And here we thought nature was “red in tooth and claw”:
Abstract: Interspecies interactions shape the structure and function of microbial communities. In particular, positive, growth-promoting interactions can substantially affect the diversity and productivity of natural and engineered communities. However, the prevalence of positive interactions and the conditions in which they occur are not well understood. To address this knowledge gap, we used kChip, an ultrahigh-throughput coculture platform, to measure 180,408 interactions among 20 soil bacteria across 40 carbon environments. We find that positive interactions, often described to be rare, occur commonly and primarily as parasitisms between strains that differ in their carbon consumption profiles. Notably, nongrowing strains are almost always promoted by strongly growing strains (85%), suggesting a simple positive interaction–mediated approach for cultivation, microbiome engineering, and microbial consortium design.Positive interactions are common among culturable bacteria Jared Kehe Https://orcid.org/0000-0002-1028-5981anthony Ortizanthony Kulesajeff Gore Https://orcid.org/0000-0003-4583-8555paul C. Blainey Https://orcid.org/0000-0002-4889-8783 and Jonathan Friedman Https://orcid.org/0000-0001-8476-8030 Authors Info & Affiliations Science Advances • 5 Nov 2021 • Vol 7, Issue 45 • DOI: 10.1126/sciadv.abi7159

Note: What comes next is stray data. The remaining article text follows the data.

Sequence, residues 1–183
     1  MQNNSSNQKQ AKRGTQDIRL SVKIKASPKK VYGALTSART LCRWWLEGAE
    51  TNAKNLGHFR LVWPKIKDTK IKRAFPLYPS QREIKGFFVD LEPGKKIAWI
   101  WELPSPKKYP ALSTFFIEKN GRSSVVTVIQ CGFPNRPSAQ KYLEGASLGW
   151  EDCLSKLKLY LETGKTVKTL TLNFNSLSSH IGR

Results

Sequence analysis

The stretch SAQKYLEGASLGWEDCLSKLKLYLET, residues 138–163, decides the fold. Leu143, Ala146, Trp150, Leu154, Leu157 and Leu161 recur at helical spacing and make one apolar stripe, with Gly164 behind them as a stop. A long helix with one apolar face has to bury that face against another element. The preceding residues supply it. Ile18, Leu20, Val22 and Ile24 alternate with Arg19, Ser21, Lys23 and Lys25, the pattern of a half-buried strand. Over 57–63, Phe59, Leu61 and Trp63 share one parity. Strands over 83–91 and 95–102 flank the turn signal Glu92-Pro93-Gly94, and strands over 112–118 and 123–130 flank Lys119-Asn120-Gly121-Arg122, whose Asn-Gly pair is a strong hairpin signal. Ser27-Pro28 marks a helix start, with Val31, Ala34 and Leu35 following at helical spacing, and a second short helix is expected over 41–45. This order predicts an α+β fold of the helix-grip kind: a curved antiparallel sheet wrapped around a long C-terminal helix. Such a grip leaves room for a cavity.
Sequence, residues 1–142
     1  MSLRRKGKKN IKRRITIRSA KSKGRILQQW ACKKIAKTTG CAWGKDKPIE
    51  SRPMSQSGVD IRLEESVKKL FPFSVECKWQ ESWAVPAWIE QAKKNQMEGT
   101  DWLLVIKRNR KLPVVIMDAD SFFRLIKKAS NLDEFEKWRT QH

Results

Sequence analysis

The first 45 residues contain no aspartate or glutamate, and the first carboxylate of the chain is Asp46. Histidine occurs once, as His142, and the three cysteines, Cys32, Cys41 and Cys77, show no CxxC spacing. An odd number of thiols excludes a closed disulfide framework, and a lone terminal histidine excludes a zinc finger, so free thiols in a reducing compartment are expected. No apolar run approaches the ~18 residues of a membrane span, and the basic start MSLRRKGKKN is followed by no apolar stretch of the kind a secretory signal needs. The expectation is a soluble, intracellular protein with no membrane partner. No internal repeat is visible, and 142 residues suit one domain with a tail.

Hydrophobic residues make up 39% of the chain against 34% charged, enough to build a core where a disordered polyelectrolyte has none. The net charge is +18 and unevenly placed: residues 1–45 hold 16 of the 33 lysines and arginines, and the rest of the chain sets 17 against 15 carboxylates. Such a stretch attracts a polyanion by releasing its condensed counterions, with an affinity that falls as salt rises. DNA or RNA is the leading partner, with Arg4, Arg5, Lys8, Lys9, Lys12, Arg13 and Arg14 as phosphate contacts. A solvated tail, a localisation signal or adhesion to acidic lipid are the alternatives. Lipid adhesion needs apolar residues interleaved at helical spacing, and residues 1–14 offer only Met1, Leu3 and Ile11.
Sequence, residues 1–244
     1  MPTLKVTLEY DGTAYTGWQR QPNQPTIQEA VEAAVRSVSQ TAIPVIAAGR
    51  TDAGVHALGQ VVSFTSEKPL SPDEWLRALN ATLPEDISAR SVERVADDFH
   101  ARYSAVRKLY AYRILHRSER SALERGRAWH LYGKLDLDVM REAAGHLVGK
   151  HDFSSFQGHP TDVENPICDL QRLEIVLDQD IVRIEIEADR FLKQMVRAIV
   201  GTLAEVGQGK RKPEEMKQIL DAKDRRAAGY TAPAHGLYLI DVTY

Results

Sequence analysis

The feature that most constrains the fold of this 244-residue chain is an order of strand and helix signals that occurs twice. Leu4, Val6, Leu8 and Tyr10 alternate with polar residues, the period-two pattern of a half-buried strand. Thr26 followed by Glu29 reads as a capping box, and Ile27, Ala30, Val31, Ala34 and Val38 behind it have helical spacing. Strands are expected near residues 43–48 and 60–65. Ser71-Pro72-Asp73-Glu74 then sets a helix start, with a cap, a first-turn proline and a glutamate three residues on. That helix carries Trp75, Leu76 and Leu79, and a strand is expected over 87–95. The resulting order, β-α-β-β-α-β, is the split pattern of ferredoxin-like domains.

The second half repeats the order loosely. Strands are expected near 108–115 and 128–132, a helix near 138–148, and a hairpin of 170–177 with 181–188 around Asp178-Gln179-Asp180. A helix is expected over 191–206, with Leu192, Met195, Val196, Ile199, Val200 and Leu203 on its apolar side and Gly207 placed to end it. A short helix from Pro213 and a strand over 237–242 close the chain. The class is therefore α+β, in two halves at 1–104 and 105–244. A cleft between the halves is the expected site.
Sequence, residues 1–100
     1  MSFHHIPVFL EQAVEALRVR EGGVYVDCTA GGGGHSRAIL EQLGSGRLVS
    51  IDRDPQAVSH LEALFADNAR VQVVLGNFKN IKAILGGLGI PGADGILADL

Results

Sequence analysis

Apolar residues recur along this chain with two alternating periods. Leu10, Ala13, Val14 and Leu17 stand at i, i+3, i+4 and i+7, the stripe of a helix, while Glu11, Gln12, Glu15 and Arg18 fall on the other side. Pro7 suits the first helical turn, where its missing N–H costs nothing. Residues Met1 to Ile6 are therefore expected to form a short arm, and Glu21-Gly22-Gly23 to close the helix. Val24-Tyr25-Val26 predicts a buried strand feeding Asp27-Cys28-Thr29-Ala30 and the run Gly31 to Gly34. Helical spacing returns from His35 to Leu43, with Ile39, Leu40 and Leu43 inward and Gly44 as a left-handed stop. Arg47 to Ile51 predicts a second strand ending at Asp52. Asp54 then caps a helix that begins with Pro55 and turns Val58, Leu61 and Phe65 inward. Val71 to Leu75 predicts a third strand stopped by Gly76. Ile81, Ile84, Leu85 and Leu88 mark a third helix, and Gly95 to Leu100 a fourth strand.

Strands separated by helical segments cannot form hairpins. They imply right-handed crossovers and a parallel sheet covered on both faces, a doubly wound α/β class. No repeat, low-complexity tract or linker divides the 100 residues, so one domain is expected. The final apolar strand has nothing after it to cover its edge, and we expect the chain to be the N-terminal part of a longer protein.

A reader points out that horizontal gene transfer, foound everywhere among prokaryotes like bacteria, is an important source of adaptation. The bacteria can sample any number of genes and the more the merrier.
This sure isn’t the Darwinism we were taught in school. Like, why kill competitors when (if you are a bacterium) you can acquire their genes?
The paper is open access.